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Islamic Banking in 2009, industry at a crossroads

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Points of Essence:

  • Islamic finance is facing a crisis of its own. The global financial downturn may have dragged down the industry to some extent but the most challenging thing is how to package Islamic financial products in accordance to the true Islamic values. The conventional product adaptation may have to take a back seat to spur innovation in Islamic finance for the Islamic financial industry’s survival.  Ameinfo has the report.

The drop in the issuance of Sukuk proved that Islamic banks could not escape from the financial crisis. The industry might therefore have to go back to its roots in 2009.

Islamic banks may have to adopt a 'back to basics' approach in 2009

Islamic banks may have to adopt a 'back to basics' approach in 2009

Noor Investment’s press conference on the sixth of January was set up to announce the creation of Noor Takaful, the latest Islamic insurance firm.

But in fact, Noor had to two messages, with the second no less important than the first: Noor Islamic Bank (NIB) will put its planned expansion abroad on hold in order to focus more on domestic affairs.

NIB was created almost a year ago, and it was announced at the same place, in the 27th floor ballroom of the Burj Al Arab.

But twelve months ago the future was looking much brighter. Stock indices were advancing on all fronts in the GCC. Conventional banking got into trouble step by step, but Islamic Finance did not follow.

The launch of NIB was followed by new Islamic banks, Ajman Bank and Hilal Bank in Abu Dhabi. Commercial Bank of Dubai launched its Shariah finance-section ‘Attijari Al Islami’ (Islamic commerce) in September 2008.

Drop in global Sukuk

The shock came after Ramadan. Then it became clear that the liquidity crunch also weighed heavy on the issuance of Sukuk. Global Sukuk volume dropped by 60% to $15bn between January and October compared to the same period in the previous year.

Ongoing discussions about the Shariah-compliance of certain Sukuk, triggered by renowned scholar Sheikh Taqi Usmani, Chairman of the board of scholars at the AAOIFI (Islamic accounting organisation), also sent volumes down.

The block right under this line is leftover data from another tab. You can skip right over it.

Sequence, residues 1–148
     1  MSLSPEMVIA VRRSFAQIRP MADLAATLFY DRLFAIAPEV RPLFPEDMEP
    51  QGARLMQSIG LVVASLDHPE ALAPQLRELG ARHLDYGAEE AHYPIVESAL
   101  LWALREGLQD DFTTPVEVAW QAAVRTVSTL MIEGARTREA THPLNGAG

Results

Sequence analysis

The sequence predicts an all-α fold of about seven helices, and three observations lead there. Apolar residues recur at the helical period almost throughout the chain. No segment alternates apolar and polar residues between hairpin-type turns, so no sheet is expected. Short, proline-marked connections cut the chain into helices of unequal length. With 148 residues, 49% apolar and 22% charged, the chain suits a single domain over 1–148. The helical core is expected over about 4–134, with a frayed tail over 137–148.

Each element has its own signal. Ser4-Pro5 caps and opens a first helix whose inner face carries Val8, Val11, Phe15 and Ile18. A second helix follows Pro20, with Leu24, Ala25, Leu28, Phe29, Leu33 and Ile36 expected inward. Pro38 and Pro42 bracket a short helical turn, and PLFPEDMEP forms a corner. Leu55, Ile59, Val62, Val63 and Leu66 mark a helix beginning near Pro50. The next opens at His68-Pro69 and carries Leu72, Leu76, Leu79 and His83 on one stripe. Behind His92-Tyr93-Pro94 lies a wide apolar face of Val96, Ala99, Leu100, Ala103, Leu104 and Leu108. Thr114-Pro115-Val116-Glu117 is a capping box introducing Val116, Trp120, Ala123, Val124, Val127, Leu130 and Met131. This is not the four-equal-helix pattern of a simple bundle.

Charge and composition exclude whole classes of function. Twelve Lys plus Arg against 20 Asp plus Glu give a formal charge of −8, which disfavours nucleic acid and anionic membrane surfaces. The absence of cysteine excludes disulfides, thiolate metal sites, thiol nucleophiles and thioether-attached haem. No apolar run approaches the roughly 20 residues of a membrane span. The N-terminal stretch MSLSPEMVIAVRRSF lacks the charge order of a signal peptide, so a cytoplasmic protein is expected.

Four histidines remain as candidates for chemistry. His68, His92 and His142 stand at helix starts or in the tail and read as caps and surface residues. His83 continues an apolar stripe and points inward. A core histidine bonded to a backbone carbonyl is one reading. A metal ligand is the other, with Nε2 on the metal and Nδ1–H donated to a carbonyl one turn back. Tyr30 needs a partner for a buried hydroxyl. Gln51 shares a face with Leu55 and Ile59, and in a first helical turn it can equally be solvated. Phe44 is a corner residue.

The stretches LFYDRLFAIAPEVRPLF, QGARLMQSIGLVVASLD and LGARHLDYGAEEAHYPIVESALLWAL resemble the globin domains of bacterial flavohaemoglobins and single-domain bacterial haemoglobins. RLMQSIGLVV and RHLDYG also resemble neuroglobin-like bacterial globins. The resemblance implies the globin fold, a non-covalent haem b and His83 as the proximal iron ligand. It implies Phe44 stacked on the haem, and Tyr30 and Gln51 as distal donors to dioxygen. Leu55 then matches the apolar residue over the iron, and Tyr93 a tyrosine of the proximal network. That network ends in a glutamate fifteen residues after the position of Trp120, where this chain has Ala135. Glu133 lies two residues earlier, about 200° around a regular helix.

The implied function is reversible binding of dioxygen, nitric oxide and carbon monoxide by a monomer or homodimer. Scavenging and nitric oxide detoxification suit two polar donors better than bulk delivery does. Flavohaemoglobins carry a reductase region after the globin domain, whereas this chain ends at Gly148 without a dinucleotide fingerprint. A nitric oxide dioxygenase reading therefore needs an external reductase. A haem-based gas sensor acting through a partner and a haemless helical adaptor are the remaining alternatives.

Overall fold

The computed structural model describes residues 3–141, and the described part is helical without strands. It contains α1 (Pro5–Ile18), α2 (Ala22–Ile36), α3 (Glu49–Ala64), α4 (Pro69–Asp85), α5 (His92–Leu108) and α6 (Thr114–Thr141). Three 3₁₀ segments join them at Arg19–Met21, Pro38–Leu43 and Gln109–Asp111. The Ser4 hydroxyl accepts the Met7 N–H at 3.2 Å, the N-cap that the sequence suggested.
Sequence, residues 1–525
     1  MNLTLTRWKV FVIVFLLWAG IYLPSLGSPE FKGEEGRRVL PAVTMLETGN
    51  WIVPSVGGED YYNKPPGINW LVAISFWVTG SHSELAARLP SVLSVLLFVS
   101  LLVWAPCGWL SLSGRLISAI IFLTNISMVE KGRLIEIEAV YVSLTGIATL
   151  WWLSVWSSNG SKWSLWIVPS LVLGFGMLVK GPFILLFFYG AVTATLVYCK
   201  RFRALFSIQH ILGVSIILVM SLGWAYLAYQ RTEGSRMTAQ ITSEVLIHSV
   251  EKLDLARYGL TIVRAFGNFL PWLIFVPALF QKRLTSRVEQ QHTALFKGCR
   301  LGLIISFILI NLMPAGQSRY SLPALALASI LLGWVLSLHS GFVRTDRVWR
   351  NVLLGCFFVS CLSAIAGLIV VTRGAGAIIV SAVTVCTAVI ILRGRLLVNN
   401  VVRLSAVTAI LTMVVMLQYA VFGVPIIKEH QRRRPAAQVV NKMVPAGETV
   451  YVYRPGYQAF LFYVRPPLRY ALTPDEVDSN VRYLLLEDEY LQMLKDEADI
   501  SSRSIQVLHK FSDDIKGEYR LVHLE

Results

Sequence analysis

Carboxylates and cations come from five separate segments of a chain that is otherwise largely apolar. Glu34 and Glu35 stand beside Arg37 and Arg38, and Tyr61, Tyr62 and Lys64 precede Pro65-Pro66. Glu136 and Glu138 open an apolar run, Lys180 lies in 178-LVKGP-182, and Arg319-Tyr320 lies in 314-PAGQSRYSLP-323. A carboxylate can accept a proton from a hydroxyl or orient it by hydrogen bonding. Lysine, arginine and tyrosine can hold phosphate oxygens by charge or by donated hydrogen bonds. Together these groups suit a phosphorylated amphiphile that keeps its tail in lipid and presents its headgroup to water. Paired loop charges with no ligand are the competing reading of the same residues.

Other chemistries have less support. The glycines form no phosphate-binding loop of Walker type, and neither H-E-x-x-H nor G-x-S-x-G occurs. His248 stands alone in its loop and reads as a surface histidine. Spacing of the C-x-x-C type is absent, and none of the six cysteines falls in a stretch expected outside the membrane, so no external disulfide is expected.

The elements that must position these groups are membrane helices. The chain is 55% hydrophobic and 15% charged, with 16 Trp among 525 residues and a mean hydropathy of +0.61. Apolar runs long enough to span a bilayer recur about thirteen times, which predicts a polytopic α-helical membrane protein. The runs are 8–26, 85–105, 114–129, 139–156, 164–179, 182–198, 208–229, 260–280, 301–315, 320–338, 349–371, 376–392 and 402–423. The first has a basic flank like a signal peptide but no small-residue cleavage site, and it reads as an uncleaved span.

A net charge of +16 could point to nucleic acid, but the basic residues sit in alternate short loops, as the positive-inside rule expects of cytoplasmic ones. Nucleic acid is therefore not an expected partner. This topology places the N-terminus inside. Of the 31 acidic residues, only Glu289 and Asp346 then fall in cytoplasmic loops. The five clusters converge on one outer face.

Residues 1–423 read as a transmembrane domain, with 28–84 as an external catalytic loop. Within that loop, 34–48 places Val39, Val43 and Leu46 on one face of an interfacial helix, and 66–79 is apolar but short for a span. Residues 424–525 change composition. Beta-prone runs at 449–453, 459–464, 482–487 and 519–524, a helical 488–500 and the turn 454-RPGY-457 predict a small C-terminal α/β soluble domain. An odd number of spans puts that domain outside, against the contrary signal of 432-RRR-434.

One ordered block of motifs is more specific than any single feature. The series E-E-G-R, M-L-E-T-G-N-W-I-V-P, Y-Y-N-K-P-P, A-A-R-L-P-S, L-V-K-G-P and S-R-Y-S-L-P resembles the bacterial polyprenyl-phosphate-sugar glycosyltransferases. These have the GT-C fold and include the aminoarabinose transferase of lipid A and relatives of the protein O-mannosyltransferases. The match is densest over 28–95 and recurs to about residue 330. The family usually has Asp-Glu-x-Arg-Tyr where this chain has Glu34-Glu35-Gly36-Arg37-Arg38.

An increasing ‘copy-paste-mentality’ is regarded as a threat to the industry. ‘Who needs an Islamic hedge fund?’, was a frequently heard question asked at Islamic finance conferences in 2008.

A justified point. Islamic Banks, by nature, bear lower risks than their conventional counterparts since they do not invest in any loans (due to the prohibition of interest (Riba)) and do not trade options, futures or hedge fund (because gambling is banned as well). But: If Islamic banks merely label conventional products as ‘halal’, they manoeuvre themselves into the conventional risk class.

Return to Islamic values

Risk-Aversion will stay high during the first half of 2009, although stock markets show some sign of relief. During the last month of the Annus horribilis (2008) only Asian indices of the Dow Jones Islamic Market (DJIM) Index advanced.

‘Ex oriente Lux’, lights comes from the East, again. And while Western banks reduce staff in their home markets, they are building their teams up in the Middle East and Asia.

Swiss giant UBS will establish a presence in Qatar and Riyadh this year. Credit Suisse is looking for 200 relationship managers until 2010 for its branch in Singapore, the international Islamic finance centre of the Far East.

Watch for more Islamic banks in the GCC to put their expansion strategy on hold, as Noor Islamic Bank has, and focus on their basic mission: To provide a non-interest, non-conventional, ethical style of investment.



Written by Suapi Shaffaii

January 13, 2009 at 11:15 am

One Response

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  1. Thank you very much. This article is quite benefial for me.

    afrid wibisono

    February 22, 2009 at 10:16 am

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